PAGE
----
an blog | AJBlog Central | Contact me

Art Review, In Passing, Reveals A Recurring Museum Problem

Aside from what Roberta Smith said in Friday’s New York Times about The Artistic Journey of Yasuo Kuniyoshi, now on view at the Smithsonian American Art Museum (she called it “superb”), she made a very good general point about American art and museums at the moment. And it’s a bit of a mysterious point, to me at least.

Burchfield-NightWind-900x873Here is the passage that caught my eye:

…unfortunately, “The Artistic Journey of Yasuo Kuniyoshi” will be seen nowhere else — not even at one of the several American museums that have lent to it.

In recent decades, much art-historical and curatorial effort has been expended on American art from the first half of the 20th-century, but missed opportunities abound. Another example: the outstanding 2014 exhibition of Marsden Hartley’s German Officer paintings seen only at its organizing institutions, the Neue Nationalgalerie in Berlin and the Los Angeles County Museum of Art, which means that the international stature of Hartley’s radical early work remains shortchanged.

I’ve seen this happen again and again. It isn’t just American art shows–many fantastic exhibitions simply do not travel. When I ask museum directors or curators why a particular show they have organized isn’t traveling, they never say because lenders won’t allow it (that usually happens only if the show already has three venues). Almost always, the answer is, “we tried, and no one could take it” or something like that.

At a time when museums are trying to stretch their dollars and do many more things with the same amount of money, I find this very strange.

It’s not that museums want mainly to do their own exhibits (except for a few, like the Met). Consider the Brooklyn Museum’s Killer Heels–it’s traveling to four additional museums. A non-brand name like Impressionism and the Caribbean: Francisco Oller and His Transatlantic World, also organized by the Brooklyn, is going to two, even though it is reputed to be highly revealing. The Bowdoin College museum’s terrific Night Vision: Nocturnes in American Art, 1860-1960 is not (to my knowledge) traveling.  The Morgan Library’s wonderful manuscript exhibits rarely travel. One could go on and on, citing other examples.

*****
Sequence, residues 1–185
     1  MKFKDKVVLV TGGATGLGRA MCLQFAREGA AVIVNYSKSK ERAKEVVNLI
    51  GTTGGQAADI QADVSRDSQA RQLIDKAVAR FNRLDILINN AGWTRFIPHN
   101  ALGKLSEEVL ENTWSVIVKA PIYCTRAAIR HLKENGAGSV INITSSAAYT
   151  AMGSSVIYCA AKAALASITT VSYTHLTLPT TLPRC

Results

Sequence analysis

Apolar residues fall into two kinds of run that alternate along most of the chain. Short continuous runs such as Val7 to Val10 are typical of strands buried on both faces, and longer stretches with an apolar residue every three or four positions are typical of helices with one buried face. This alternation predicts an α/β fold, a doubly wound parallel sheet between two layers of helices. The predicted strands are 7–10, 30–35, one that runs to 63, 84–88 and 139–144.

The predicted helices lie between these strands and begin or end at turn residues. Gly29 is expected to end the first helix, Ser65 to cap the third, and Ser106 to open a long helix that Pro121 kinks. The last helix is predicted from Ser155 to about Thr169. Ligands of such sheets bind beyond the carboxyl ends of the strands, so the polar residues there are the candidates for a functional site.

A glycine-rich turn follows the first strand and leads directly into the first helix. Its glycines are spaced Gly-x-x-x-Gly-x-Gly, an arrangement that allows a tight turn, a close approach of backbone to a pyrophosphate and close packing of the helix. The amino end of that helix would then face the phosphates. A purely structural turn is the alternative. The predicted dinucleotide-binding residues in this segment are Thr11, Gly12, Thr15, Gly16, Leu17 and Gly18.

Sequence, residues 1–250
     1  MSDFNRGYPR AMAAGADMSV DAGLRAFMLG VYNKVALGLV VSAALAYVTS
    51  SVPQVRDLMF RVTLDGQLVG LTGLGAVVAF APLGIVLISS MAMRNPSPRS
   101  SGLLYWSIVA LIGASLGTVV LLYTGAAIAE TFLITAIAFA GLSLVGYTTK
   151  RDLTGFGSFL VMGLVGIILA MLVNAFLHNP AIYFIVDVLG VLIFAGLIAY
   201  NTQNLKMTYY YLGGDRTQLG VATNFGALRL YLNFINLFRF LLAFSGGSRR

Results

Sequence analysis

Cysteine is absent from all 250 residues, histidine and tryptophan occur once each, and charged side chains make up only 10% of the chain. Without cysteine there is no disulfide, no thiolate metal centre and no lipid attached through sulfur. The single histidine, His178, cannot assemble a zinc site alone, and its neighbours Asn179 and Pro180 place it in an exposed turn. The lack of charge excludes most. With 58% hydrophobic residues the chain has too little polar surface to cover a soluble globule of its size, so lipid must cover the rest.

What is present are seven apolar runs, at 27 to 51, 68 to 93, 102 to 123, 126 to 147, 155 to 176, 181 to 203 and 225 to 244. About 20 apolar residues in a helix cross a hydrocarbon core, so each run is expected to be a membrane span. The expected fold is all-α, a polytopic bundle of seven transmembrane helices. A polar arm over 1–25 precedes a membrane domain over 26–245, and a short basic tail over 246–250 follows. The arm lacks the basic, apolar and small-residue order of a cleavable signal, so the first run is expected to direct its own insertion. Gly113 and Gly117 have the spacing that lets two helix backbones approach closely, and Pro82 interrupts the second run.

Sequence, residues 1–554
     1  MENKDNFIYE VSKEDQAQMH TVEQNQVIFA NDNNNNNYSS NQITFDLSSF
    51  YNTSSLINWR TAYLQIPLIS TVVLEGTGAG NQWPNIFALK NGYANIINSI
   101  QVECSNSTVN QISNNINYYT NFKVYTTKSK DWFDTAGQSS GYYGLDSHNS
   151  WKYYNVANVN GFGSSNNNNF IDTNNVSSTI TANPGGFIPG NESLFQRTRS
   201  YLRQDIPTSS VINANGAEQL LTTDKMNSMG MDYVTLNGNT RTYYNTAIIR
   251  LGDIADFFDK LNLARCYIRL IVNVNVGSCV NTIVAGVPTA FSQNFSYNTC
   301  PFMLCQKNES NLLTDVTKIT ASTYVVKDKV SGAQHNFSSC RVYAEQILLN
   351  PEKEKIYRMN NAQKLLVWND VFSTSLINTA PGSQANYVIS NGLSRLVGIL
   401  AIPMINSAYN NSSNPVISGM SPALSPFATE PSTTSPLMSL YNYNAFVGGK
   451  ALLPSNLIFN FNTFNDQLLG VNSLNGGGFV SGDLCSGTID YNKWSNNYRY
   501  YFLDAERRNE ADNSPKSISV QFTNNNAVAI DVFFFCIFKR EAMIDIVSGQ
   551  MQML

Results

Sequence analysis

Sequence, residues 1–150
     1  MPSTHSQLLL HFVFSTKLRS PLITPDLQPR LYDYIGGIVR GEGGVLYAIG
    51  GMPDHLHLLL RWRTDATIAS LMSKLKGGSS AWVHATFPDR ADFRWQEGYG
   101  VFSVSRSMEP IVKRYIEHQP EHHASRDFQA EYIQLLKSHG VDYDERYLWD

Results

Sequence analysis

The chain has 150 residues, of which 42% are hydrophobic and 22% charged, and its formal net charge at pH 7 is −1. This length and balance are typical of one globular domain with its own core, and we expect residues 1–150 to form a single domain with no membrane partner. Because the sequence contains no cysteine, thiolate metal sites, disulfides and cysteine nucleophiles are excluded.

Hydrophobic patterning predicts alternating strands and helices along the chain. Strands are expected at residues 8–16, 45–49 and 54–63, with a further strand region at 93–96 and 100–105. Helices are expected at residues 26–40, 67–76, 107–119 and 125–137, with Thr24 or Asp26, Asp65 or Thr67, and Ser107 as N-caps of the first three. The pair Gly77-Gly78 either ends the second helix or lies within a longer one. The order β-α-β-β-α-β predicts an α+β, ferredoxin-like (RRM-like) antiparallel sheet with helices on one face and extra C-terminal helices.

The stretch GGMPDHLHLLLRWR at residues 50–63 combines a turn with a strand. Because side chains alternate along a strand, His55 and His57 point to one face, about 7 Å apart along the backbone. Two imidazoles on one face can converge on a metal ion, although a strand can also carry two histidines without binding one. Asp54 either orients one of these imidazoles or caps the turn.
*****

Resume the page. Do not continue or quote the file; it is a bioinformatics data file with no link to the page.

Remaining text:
Scheduling can be a problem, admittedly. But with communications as they are today, that should be less of an obstruction than it used to be.

This may change, but not for a good reason. Some people have predicted that museums will be shedding curators to cut costs–that could make them more open to showing some of these wonderful exhibits.

Photo Credit: The Night Wind, Charles Burchfield, courtesy of the Bowdoin Museum, © The Museum of Modern Art




  1. Chris Crosman says

    Shedding curators may be a cost cutting move but as you point out it is deeply troubling, and I would argue will make traveling shows even less viable than they are now. It takes curators to not only organize traveling exhibitions but they also know their own collections best. Larger traveling shows are indeed expensive and participation fees (including exhorbitant loan fees charged by larger museums) are difficult to recoup against soaring direct and indirect costs. This is one reason why there has also been a growing trend among museums–driven by common sense as well as cost–to organize shows out of their permanent collections. Especially when these result in “dossier” exhibitions that illuminate one or more objects from the permanent collections, these types of exhibitions can be relevatory and relevant than most traveling “blockbusters.” By their nature, these internally focused exhbitions also have very limited appeal to other museums. One result of this focus on the collection is that museums have become increasingly reluctant to loan their most important works that are newly important to their own exhibition programs. In very real ways, “shedding curators” is not only penny wise and pound foolish, it undermines the ability of museums to organize exhibitions, whether traveling or not.